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1. Does the poem speak happy incidents? cite the lines from the poem. How would you...
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Of course, the poem as a whole does not speak of happy incidents. After all, Annabel Lee is dead at the end of the poem and the speaker is left in mourning.
However, the poem does speak, in the beginning, of happy times. You can see this in the whole of the first two stanzas. They both talk about how the love between the narrator and Annabel Lee was so perfect that the angels in heaven were envious.
This also helps us describe their love. It seems like a very deep and genuine love. It made them happy and that is the most important thing that love can do for two people.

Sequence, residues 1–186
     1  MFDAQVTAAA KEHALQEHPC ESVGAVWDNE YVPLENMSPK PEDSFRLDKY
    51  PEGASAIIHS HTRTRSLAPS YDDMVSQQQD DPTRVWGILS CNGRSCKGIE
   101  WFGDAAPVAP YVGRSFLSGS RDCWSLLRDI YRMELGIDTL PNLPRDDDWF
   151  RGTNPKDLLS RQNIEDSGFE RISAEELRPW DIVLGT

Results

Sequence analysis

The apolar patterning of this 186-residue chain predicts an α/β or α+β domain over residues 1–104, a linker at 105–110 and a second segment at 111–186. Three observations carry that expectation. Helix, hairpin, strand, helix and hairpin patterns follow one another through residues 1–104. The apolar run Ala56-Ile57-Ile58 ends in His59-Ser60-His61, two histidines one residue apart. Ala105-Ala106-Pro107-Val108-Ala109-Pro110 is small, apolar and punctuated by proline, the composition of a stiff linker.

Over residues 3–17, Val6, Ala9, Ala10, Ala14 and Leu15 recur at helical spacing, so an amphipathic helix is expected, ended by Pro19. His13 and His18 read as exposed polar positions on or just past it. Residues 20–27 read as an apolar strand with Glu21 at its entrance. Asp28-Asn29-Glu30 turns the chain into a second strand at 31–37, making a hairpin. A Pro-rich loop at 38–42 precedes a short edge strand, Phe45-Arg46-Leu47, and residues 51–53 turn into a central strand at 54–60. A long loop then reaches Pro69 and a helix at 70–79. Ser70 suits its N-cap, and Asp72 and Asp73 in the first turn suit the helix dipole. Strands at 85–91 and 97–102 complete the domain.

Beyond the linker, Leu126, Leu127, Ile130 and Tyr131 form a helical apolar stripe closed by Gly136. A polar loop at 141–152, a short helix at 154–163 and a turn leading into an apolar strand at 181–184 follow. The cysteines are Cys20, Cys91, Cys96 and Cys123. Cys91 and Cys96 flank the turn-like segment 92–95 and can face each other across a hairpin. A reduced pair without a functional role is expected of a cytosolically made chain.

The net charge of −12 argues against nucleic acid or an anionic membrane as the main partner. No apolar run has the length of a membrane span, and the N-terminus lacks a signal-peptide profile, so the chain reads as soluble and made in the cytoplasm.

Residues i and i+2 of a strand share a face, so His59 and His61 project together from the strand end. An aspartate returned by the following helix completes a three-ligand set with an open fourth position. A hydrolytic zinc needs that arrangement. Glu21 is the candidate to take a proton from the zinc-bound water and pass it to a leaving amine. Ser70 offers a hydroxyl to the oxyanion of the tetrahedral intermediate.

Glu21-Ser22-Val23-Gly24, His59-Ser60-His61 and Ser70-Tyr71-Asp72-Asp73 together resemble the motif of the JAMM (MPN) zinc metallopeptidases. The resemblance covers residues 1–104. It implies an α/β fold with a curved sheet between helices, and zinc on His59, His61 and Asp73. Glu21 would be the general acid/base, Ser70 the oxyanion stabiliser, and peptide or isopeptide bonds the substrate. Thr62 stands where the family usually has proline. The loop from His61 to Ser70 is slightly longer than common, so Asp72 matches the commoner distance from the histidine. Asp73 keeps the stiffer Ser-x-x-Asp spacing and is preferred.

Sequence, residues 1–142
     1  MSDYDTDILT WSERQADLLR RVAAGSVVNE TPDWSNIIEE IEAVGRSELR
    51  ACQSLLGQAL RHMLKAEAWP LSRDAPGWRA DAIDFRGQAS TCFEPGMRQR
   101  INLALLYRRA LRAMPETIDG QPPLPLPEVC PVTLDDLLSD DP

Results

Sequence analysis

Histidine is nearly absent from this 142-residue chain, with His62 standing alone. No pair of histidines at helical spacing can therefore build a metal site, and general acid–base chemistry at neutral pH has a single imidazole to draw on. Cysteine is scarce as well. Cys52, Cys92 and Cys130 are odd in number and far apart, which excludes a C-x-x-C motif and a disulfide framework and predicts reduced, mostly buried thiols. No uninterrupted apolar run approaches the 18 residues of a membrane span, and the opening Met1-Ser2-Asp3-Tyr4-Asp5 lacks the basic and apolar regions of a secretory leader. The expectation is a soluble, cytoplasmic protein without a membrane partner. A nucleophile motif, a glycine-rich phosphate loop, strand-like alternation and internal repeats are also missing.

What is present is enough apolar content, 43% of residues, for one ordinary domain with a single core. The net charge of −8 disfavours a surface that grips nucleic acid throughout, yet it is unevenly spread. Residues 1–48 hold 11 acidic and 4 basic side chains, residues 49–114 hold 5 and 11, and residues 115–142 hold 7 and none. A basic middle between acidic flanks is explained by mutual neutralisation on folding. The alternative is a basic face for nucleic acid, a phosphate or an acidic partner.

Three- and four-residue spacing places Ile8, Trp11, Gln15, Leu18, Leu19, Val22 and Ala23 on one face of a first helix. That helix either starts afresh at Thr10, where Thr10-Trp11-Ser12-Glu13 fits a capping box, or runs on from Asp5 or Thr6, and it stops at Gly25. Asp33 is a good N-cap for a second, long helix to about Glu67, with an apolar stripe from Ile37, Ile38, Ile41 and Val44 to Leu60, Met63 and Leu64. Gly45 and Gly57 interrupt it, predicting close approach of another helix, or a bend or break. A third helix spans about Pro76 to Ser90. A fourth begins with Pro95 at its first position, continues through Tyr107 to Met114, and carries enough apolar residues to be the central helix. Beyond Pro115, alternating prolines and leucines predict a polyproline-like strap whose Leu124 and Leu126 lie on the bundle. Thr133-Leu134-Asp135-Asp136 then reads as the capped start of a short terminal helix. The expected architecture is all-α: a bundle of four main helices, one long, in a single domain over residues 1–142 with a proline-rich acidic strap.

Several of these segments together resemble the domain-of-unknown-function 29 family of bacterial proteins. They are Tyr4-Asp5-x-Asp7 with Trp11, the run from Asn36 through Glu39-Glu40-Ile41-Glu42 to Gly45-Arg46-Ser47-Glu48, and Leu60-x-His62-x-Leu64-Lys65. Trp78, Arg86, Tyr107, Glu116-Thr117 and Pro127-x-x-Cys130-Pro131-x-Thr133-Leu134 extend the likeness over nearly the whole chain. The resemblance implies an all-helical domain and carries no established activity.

Posted by pohnpei397 on January 22, 2010 at 12:00 AM (Answer #1)
Middle School Teacher
Although the poem describes a very strong love between the poet and Annabel Lee, not many "happy incidents" are mentioned. The most I can find is:
lines 5-6: And this maiden she lived with no other thought / Than to love and be loved by me.
lines 9-10: we loved with a love that was more than love -- / I and my Annabel Lee
The love between the poet and Annabel Lee is quite strong, and apparently quite pure and spiritual. We can only guess if this love ever came to any physical expression, but we do not see anything of this type expressed clearly in the poem. There is no mention of a kiss, an embrace, or even a stroke of a hand. Not surprisingly for Edgar Allen Poe, the strongest expression of love comes in his agony of longing after Annabel's death:
And so, all the night-tide, I lie down by the side
Of my darling—my darling—my life and my bride,
In her sepulchre there by the sea,
In her tomb by the side of the sea.
Posted by jmj616 on January 22, 2010 at 12:44 AM (Answer #2)
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